Who Do You Learn From?

SomThe Road to Charactere people seem to think that they don’t need to learn from anyone. They will pound out their own direction, chart their own course. They can do it on their own – they think…

But, for most of us, we need to learn from others. And even if we chart a portion of our own course, we rely on those who went before.

Last Sunday, Fareed Zakaria had part two of his interview with David Brooks, prompted by Mr. Brooks’ new book, The Road to Character. Here’s a critical and enlightening portion of that interview (from the transcript). I’ve bolded a key portion:

You grow up in an ecology and you inherit a certain tradition, a certain gift from the dead of how to be good. And so, there are a whole bunch of things you can believe in. There’s a Greek tradition, a classical one, which emphasizes honor and courage and glory. There’s a Jewish one, that emphasizes obedience to law. There’s a Christian one on salvation and grace. There’s a scientific one, rational thought and thinking your way to a good life.

So there are all these different traditions. They have all been handed down to us, and I’m not going to tell a young person which one to believe, but pick one. Because we tell them you’ll come up with your own world view. Well, if your name is Aristotle, Aristotlemaybe – with your own real view. The rest of us, we have to learn from somebody else. So, the dead have given us this great gift and I just lay them out for the students and for the readers of the book and I say pick one. It will help you out to inherit a tradition, a full integration that greater minds than your own who know you better than you know yourself have left for us as presents.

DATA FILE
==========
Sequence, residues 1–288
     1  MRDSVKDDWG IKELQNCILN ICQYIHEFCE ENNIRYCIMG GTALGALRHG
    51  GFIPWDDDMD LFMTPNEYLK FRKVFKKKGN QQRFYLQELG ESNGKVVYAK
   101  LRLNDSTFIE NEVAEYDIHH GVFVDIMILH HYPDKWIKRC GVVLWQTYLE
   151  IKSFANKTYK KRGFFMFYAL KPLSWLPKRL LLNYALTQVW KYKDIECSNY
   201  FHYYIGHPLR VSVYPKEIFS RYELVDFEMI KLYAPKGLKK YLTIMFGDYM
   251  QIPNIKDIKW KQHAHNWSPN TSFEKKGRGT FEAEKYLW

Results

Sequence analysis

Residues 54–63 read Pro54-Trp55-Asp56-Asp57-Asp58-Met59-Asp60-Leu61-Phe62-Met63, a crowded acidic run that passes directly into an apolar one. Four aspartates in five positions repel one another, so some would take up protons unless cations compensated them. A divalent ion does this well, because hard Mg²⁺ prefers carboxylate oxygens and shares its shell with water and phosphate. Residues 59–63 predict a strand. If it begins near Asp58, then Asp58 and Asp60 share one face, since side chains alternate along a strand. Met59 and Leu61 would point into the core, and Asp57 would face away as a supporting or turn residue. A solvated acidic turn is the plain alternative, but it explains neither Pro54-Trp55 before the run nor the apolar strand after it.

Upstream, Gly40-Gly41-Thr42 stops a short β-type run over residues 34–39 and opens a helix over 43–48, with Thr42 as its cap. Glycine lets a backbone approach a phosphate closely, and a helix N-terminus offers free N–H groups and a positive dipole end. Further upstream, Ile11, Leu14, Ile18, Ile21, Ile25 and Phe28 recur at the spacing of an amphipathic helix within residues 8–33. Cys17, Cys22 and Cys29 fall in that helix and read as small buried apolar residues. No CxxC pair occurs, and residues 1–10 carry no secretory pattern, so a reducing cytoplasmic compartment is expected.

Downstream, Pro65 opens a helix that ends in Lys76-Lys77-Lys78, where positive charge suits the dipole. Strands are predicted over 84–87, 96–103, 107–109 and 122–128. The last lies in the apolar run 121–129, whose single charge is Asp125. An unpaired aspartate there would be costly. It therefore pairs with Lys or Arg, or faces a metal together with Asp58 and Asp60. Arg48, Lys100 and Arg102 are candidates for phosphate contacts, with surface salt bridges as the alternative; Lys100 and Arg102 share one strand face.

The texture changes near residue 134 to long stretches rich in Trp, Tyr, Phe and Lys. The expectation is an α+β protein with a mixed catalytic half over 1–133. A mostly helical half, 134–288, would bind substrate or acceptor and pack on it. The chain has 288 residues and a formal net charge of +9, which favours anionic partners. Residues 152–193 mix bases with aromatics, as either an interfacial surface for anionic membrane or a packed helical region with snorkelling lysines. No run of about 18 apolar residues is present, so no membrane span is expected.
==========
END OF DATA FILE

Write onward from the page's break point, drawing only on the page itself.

I’ve jed-catmull-steve-jobsust finished reading Becoming Steve Jobs. And, just last week, I completed reading Creativity, Inc. by Ed Catmull, head of Pixar. I came away with this from the two books: though Mr. Catmull never quite claimed credit, it’s pretty clear that Steve Jobs learned much from him – considered him a mentor.

Steve jobs had a reputation that he was pretty much his own course charter. But, he learned from another – he was willing to learn from someone else, and Ed Catmull seemed to be the right fit, at the right time.

So, the question is, today and always, who are you learning from? Unless your name is Aristotle, you probably should develop a teachable spirit, and be on the lookout for your next mentor/teacher/guide.

Randy Mayeux
Contributed by:
Randy Mayeux
Professional Speaker & Writer
Co-founder, First Friday Book Synopsis

One response

  1. I am reaading The Road to Character right now. The key takeaway for me so far has been Brooks’s examples of people who fill their life with what the world needed from them, not necessarily what they wanted internally. His examples of Francis Perkins (first woman to serve in the US Cabinet) and Dorothy Day (social activist) based their adult lives on serving others in need, rather looking internally for what would enjoy doing or even be particularly good at.
    Today’s culture emphasizes that people look inward to determine what to do with their life. What are they good at? What do they enjoy? What would make them financially successful? What could they be the best at? In The Road to Character, Brooks is highlighting people who asked the question, “What does the world need from me?”, and found their passion, their calling from that. He shows that their lives where not filled with many of our contemporary indicators of success, but they valued how they lived their lives following a true vocation, a calling, a passion without them. I wonder how many people today would trade the visible signs of success (title, awards, wealth, prestige, celebrity, etc.) for the peace these people show in making the difference in the world they felt was their duty to do.

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